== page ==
The Villainess

As far as opening action sequences go, South Korean actioner The Villainess might just have the best: a first-person, single-take fight through corridors packed with scores of assailants, like Oldboy meets The Raid. With a woman. In a meth lab.


As well as upping the ante for the already extreme theatres of blood that are East Asian action movies, this intro sets a high bar for the next two hours, and is only matched by the similarly acrobatic closing sequence. In between we get a lot of plot, where our powerful protagonist (Kim Ok-vin) is sent to a sort of prep school for assassins, or finishing school if you will.

Jung Byung-gil’s prioritising of story over action is interesting in a genre that often employs a bare-bones revenge formula to justify its bloodshed, opting instead for an espionage plot whose violent scenes are surprisingly few. This proves something of a double-edged sword: while it wisely shuns the shoehorned torture of The Raid 2, here the action is so good it feels almost cruel whenever it is denied.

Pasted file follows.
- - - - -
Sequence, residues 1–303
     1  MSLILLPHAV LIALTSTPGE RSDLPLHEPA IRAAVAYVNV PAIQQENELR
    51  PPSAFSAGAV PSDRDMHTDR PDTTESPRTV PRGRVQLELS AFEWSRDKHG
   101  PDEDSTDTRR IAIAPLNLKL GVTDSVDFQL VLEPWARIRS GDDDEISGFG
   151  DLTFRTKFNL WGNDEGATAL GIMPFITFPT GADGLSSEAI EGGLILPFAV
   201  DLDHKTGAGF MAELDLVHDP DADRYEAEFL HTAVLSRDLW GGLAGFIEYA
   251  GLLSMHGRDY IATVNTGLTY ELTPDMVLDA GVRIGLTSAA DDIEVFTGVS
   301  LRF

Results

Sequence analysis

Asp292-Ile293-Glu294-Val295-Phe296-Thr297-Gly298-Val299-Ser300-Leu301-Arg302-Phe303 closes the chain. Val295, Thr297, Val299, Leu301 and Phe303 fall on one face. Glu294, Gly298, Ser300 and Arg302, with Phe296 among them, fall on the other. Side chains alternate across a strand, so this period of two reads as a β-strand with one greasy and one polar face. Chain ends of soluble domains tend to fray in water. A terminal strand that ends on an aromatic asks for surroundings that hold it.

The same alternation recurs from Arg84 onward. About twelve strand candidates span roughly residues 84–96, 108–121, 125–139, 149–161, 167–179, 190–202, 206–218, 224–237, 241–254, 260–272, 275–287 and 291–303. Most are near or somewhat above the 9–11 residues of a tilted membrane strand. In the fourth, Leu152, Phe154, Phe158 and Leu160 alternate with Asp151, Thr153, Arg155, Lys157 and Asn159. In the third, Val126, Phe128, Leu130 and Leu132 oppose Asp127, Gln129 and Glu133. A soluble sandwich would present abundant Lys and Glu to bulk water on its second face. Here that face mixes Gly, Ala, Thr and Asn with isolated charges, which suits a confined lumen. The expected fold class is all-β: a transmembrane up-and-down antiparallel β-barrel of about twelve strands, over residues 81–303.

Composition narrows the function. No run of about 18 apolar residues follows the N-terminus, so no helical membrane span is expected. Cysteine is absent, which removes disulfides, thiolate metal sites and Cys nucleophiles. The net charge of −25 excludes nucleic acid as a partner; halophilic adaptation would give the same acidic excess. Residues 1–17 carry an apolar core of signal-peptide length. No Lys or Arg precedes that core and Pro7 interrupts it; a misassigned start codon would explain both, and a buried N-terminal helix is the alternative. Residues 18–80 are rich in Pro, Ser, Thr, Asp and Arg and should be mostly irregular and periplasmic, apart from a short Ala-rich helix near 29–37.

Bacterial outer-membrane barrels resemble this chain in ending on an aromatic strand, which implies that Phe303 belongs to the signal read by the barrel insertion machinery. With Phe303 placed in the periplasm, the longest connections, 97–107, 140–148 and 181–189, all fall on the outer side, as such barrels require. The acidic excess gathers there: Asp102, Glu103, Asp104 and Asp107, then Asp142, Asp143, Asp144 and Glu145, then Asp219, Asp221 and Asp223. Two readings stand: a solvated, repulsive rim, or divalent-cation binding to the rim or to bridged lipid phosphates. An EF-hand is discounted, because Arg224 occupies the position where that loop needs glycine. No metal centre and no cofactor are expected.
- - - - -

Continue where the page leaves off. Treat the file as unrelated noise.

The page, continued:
That is not to say the narrative is bad; confusing and familiar maybe (and intriguing to see Asian cinema taking inspiration from the Japanese-inspired Kill Bill) but equally poised and slick where Kill Bill was amateurish. Yet for all its twists, romance and a very cute kid (Kim Yeon-woo), the one unassailable standout of The Villainess is its virtuoso violence.

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